The Role of Targeted Agents and Immunotherapy in Older Patients with Non-small Cell Lung Cancer

Fabio Gomes, Rebecca Tay, Jaseela Chiramel, Raffaele Califano

Research output: Contribution to journalArticlepeer-review

Abstract

Lung cancer is predominantly a disease of the elderly. This subgroup of patients poses many challenges and an appropriate geriatric assessment is crucial for treatment personalisation in order to reduce the risk of over- or under-treatment. Whilst cytotoxic chemotherapy has been the backbone of advanced non-small cell lung cancer (NSCLC) treatment for decades, the development of targeted agents for driver mutations such as EGFR, ALK, BRAF and ROS1 has changed the treatment paradigm and natural history of this disease. More recently, the development of immune checkpoint inhibitors has revolutionised treatment for a larger group of patients with locally advanced/metastatic disease. Limited data exist on safety and efficacy of these agents in the elderly population. Many questions remain regarding the available evidence for targeted therapies and immune checkpoint blockade in NSCLC and, in particular, their role in this subgroup of patients.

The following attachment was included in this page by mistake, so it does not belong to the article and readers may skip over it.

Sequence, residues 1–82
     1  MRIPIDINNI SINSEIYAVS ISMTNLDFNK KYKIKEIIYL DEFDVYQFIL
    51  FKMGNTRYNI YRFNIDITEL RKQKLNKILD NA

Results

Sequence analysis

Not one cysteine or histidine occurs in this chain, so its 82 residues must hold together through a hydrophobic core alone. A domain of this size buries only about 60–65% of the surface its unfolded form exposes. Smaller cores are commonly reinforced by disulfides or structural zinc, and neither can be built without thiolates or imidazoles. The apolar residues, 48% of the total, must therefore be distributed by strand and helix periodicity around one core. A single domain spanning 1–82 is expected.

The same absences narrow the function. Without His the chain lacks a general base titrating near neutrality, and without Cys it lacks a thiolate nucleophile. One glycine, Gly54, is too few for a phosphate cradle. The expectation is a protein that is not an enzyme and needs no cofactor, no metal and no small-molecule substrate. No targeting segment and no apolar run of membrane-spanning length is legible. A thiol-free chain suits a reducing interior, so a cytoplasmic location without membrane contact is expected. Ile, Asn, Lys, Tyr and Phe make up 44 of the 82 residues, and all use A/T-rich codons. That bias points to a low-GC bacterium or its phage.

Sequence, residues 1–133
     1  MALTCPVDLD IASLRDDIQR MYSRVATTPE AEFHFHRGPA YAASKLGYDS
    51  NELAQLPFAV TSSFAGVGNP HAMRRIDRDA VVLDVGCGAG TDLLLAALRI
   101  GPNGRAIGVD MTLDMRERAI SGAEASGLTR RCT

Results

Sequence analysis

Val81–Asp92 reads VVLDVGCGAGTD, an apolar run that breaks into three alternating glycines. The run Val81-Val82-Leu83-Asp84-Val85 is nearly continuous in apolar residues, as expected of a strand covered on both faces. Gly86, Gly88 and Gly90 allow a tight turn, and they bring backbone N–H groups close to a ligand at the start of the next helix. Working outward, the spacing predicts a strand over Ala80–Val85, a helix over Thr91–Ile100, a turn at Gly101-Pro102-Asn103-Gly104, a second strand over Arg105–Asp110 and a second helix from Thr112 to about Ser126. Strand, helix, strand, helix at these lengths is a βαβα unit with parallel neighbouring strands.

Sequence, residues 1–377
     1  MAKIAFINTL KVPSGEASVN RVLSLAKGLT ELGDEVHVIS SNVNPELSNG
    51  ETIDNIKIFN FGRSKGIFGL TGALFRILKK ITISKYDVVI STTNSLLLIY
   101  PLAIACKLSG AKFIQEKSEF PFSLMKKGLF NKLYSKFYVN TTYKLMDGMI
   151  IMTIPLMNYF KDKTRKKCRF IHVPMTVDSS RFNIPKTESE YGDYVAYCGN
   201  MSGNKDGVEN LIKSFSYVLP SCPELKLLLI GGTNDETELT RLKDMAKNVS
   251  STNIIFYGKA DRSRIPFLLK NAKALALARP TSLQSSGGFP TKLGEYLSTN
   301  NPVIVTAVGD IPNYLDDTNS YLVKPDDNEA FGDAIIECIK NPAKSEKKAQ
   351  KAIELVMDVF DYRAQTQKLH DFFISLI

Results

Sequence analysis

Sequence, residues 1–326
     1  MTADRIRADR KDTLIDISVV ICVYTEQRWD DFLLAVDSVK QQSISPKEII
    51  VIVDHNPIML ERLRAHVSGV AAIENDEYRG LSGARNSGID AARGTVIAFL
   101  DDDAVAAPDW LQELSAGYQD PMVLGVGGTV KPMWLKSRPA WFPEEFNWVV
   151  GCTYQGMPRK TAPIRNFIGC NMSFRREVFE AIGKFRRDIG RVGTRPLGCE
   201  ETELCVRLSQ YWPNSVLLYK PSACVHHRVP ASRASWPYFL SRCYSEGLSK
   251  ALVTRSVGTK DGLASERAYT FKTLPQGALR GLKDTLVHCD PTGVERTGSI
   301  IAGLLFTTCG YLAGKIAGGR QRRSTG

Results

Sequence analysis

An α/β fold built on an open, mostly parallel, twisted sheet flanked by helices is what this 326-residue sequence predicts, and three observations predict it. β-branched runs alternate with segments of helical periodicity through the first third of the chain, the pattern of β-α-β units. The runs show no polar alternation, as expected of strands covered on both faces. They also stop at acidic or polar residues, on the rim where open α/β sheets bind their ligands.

Original languageEnglish
Pages (from-to)819-834
JournalDrugs and Aging
Volume35
Issue number9
Early online date14 Aug 2018
DOIs
Publication statusPublished - 2018

Research Beacons, Institutes and Platforms

  • Manchester Cancer Research Centre

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